Interestingly, both imminent and eschatological aspects of the Day of the Lord are found in close proximity in the Book of Joel. The phrase “Day of the Lord” was used to describe the plague of locusts that destroyed crops and resulted in famine (Joel 1:15-20), as well as the imminent invasion of powerful armies (Joel 2:1-11).7 However, if one reads the celestial changes in Joel 3:14-16 literally,8 then Joel also refers to the Day of the Lord as an eschatological event. If read in this manner, chapter three functions as a climax to Joel’s prophecy, telescoping from the immediate (and escalating) events of chapters one and two to the far, eschatological event of chapter three. Some may question the validity of telescoping from a near to a far event without regard for events in between, but prophetic telescoping may legitimately be credited to ignorance on the part of the writer. God only provided that information which was necessary for the writer to know—nothing more and nothing less.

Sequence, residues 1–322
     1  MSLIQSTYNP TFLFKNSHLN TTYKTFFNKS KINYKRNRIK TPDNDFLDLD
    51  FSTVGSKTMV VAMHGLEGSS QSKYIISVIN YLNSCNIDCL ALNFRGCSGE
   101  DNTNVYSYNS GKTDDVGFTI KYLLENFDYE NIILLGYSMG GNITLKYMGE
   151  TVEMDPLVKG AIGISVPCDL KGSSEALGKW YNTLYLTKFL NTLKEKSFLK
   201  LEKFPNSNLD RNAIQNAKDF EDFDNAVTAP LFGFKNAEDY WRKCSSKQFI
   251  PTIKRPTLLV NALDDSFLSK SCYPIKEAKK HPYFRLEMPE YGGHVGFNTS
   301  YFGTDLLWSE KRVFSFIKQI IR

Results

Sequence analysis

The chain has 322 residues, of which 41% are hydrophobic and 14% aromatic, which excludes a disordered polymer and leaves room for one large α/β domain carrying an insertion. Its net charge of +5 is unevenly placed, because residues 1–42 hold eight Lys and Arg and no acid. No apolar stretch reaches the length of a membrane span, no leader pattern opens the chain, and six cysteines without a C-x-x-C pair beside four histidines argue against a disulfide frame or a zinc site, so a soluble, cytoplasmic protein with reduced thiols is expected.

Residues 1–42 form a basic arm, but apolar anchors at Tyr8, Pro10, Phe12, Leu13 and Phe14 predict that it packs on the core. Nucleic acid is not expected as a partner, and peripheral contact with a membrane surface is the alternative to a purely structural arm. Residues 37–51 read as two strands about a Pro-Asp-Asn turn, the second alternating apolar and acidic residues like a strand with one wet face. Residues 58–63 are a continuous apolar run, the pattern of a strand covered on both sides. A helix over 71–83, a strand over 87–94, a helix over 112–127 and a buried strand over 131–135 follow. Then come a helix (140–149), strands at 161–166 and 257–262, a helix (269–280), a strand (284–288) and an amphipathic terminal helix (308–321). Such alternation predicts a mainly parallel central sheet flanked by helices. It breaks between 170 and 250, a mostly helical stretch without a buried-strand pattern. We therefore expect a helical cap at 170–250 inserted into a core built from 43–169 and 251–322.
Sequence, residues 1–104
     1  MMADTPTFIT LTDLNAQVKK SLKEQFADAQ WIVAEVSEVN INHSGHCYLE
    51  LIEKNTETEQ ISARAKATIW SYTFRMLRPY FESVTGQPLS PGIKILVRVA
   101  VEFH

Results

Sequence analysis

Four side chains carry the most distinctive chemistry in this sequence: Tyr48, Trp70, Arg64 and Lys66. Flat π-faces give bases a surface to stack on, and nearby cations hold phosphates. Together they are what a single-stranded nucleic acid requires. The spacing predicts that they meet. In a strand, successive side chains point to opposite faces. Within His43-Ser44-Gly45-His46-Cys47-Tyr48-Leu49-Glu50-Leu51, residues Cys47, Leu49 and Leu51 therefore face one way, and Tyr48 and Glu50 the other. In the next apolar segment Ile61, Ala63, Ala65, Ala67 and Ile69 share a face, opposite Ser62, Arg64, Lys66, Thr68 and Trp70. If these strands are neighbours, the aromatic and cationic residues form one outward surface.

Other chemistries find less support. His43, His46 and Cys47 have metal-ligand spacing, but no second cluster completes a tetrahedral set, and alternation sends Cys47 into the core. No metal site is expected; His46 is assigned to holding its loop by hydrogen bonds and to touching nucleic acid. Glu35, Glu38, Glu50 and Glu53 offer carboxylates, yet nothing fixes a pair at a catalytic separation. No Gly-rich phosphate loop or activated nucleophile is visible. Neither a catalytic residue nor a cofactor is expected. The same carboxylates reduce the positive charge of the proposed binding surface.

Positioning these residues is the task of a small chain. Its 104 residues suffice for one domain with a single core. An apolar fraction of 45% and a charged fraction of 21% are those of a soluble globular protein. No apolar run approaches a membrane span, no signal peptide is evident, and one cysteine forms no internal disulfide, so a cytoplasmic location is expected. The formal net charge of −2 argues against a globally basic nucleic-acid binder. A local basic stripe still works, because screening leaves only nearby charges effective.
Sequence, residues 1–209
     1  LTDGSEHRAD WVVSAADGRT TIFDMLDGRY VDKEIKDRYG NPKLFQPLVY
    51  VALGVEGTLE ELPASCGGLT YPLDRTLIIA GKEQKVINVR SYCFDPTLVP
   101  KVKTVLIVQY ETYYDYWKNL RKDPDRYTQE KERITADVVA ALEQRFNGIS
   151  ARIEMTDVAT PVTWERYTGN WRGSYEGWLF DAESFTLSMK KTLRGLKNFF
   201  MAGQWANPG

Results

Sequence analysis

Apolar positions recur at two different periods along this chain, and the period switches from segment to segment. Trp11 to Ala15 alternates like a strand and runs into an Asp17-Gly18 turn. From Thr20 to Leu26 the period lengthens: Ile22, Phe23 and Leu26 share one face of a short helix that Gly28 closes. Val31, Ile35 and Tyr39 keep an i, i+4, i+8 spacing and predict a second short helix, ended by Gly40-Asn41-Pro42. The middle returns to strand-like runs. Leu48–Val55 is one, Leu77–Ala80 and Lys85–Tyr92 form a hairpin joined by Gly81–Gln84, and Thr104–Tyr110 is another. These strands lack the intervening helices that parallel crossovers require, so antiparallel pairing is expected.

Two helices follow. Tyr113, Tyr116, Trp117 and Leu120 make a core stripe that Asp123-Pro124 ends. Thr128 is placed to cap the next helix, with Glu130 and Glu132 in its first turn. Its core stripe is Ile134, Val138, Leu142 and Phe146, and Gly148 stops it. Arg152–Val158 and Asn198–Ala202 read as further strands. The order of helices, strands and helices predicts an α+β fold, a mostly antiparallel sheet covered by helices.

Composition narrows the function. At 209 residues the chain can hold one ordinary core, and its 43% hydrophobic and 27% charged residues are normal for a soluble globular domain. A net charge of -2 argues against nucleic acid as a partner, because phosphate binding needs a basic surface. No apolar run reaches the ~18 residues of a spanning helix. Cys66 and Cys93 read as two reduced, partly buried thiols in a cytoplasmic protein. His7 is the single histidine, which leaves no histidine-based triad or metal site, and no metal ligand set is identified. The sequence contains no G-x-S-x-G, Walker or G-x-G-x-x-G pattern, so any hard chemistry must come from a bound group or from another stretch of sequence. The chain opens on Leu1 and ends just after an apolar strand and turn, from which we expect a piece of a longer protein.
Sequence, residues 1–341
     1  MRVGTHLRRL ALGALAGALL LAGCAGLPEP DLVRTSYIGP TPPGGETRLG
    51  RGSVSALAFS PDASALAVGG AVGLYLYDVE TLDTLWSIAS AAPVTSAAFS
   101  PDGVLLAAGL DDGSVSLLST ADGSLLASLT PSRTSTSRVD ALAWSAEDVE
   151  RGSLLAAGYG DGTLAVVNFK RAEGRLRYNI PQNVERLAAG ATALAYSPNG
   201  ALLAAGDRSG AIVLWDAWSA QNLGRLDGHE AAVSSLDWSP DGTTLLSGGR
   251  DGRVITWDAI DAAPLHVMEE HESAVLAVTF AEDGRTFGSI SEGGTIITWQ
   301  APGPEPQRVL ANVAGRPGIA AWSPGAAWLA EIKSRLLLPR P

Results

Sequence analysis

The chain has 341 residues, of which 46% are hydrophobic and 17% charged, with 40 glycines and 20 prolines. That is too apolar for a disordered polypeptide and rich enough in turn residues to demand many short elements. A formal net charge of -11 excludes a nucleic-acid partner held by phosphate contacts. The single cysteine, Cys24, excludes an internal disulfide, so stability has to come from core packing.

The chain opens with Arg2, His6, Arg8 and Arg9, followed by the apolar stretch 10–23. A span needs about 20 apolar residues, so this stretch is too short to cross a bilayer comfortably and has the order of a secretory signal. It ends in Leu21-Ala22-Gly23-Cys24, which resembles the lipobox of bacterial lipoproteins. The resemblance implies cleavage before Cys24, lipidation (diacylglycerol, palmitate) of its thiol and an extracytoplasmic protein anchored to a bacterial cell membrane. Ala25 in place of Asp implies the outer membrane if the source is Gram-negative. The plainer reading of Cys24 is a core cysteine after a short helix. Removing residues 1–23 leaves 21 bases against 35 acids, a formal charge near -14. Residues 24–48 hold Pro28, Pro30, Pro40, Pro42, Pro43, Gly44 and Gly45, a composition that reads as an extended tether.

Regardless of the reasons for prophetic telescoping, contextual evidence strongly suggests that it is a common feature of Old Testament prophecy. With respect to the Day of the Lord, its continual unfolding in biblical history combined with its clear future element sets up the former as a precursor to the latter in an “already/not yet” fashion. Past events worthy of the designation “Day of the Lord” provided a taste of things to come, and provide continued opportunity for repentance before arrival of the day.
Diversified use of the collocation “Day of the Lord” suggests that emphasis does not belong as much to timing9 as to essence. The Day of the Lord constitutes a repeated event that will find ultimate eschatological fulfillment in the future. However, the diversity found in chronology is held together by the common characteristics that each Day of the Lord possesses.